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Advocacy group sues DOE, FERC for documents related to coal and nuclear proposal

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Advocacy group sues DOE, FERC for documents related to coal and nuclear proposal

The Union of Concerned Scientists filed a lawsuit Nov. 13 seeking to compel the U.S. Department of Energy and Federal Energy Regulatory Commission to produce records related to a controversial bailout proposal for aging coal- and nuclear-fired power plants.

The suit was filed in the U.S. District Court for the District of Columbia only days before DOE general counsel Bernard McNamee who heavily promoted the proposal is scheduled to face U.S. Senate confirmation hearings Nov. 15 as President Donald Trump's nominee to serve as FERC's fifth commissioner. The advocacy group in its complaint alleged that the DOE and FERC have failed to comply with applicable time-limit provisions under the Freedom of Information Act.

As the DOE's deputy general counsel, McNamee heavily promoted Energy Secretary Rick Perry's September 2017 proposal to make grid operators cover all the costs of power plants in wholesale markets that store at least 90 days of fuel onsite — a description that mainly would have applied to coal-fired and nuclear generators. FERC in January voted 5-0 to reject the DOE's proposal, however, finding it legally deficient and unsupported by the record.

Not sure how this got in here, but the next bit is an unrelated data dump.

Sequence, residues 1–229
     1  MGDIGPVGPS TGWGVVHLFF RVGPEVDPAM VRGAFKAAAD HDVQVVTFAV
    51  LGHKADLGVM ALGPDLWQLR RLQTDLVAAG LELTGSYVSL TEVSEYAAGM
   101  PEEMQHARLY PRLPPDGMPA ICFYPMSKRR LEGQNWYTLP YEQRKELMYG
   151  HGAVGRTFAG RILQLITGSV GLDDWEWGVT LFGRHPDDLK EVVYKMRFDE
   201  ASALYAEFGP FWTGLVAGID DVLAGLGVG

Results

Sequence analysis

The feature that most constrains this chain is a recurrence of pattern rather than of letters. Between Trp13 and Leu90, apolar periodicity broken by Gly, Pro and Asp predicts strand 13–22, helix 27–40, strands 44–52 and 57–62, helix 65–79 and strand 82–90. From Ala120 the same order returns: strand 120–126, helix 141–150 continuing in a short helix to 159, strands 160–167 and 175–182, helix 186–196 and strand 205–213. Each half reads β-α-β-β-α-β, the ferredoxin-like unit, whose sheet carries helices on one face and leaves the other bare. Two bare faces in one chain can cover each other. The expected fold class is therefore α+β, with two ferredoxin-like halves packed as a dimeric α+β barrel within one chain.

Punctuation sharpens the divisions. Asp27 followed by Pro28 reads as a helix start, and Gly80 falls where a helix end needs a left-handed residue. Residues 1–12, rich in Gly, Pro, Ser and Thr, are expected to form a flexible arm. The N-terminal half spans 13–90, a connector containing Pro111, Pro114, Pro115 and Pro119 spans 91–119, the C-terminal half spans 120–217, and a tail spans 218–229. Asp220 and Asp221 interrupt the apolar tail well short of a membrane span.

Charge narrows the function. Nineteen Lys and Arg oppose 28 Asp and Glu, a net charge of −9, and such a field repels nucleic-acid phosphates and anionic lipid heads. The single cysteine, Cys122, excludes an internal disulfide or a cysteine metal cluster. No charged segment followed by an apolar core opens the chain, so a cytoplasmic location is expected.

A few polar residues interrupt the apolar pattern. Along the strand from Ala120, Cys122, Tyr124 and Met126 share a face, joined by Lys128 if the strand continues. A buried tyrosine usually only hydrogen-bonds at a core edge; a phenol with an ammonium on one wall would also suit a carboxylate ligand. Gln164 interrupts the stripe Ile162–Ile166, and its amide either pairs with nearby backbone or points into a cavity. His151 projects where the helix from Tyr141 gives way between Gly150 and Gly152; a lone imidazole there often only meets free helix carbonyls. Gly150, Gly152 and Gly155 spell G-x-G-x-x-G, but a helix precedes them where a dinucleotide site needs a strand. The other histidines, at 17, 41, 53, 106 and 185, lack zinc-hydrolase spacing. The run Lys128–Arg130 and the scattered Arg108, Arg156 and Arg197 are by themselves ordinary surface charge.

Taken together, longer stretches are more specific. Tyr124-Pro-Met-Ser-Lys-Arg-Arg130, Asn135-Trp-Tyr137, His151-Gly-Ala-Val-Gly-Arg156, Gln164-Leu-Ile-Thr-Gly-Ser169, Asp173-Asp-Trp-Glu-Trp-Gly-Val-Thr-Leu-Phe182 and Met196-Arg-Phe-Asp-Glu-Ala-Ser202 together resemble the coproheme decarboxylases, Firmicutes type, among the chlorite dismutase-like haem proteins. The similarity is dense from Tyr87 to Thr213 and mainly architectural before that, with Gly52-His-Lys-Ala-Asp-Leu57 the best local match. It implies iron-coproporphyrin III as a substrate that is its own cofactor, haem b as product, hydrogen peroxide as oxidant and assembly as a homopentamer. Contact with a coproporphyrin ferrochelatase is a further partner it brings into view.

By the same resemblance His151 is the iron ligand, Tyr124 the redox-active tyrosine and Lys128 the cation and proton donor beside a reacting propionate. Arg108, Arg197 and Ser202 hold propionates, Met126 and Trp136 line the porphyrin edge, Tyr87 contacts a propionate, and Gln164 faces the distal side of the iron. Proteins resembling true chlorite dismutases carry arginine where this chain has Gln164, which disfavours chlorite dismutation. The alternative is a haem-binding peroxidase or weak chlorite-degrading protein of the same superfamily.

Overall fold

If approved by the Senate, McNamee would fill the seat vacated by Robert Powelson, who left the commission in August to become president and CEO of the National Association of Water Companies after serving at the agency for only a year. UCS filed a series of Freedom of Information Act requests with both agencies in August seeking any email correspondence and calendar invitations sent between specific government officials including McNamee and various coal interests such as Murray Energy, the National Coal Council, Alliance Resource Partners LP and Peabody Energy Corp.

The DOE and FERC both acknowledged having received the requests, but FERC alone has produced documents so far, said Robert Cowin, director of government affairs with the UCS Climate and Energy program. "We think it's really important to understand how deeply involved the nominee, Bernard McNamee, was in the development of" the DOE proposal, Cowin said Nov. 13 in an interview. "FERC is such an important institution that we really need to keep it independent from political interference."

Cowin said, however, that FERC has produced only a limited number of documents, none of which have "been helpful so far." The group is seeking a court order that would require the DOE and FERC to conduct searches reasonably calculated to uncover all records responsive to its requests and produce the documents by an appropriate date.

The DOE and FERC did not respond to a request for comment Nov. 13.

The case is Union of Concerned Scientists v. U.S. Department of Energy and Federal Energy Regulatory Commission (No. 18-cv-2615).